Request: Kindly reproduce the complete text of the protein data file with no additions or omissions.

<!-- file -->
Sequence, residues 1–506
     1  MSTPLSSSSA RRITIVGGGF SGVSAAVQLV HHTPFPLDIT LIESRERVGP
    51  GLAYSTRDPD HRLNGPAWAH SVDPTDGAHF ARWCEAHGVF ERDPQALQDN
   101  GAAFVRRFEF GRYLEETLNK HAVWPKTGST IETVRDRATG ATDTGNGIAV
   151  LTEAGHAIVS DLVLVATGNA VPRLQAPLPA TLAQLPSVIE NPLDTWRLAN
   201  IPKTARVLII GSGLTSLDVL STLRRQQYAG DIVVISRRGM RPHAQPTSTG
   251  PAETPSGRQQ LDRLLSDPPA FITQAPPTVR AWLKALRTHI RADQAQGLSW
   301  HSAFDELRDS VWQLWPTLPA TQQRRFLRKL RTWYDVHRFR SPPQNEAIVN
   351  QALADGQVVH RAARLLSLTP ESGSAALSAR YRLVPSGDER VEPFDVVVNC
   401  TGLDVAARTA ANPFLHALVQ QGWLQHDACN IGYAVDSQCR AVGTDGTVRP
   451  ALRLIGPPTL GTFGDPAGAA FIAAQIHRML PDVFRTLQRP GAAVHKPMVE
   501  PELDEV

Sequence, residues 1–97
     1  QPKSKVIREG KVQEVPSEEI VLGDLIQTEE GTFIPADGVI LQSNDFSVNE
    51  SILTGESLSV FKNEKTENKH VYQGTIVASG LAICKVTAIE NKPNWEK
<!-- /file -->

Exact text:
Sequence, residues 1–506
     1  MSTPLSSSSA RRITIVGGGF SGVSAAVQLV HHTPFPLDIT LIESRERVGP
    51  GLAYSTRDPD HRLNGPAWAH SVDPTDGAHF ARWCEAHGVF ERDPQALQDN
   101  GAAFVRRFEF GRYLEETLNK HAVWPKTGST IETVRDRATG ATDTGNGIAV
   151  LTEAGHAIVS DLVLVATGNA VPRLQAPLPA TLAQLPSVIE NPLDTWRLAN
   201  IPKTARVLII GSGLTSLDVL STLRRQQYAG DIVVISRRGM RPHAQPTSTG
   251  PAETPSGRQQ LDRLLSDPPA FITQAPPTVR AWLKALRTHI RADQAQGLSW
   301  HSAFDELRDS VWQLWPTLPA TQQRRFLRKL RTWYDVHRFR SPPQNEAIVN
   351  QALADGQVVH RAARLLSLTP ESGSAALSAR YRLVPSGDER VEPFDVVVNC
   401  TGLDVAARTA ANPFLHALVQ QGWLQHDACN IGYAVDSQCR AVGTDGTVRP
   451  ALRLIGPPTL GTFGDPAGAA FIAAQIHRML PDVFRTLQRP GAAVHKPMVE
   501  PELDEV

Sequence, residues 1–97
     1  QPKSKVIREG KVQEVPSEEI VLGDLIQTEE GTFIPADGVI LQSNDFSVNE
    51  SILTGESLSV FKNEKTENKH VYQGTIVASG LAICKVTAIE NKPNWEK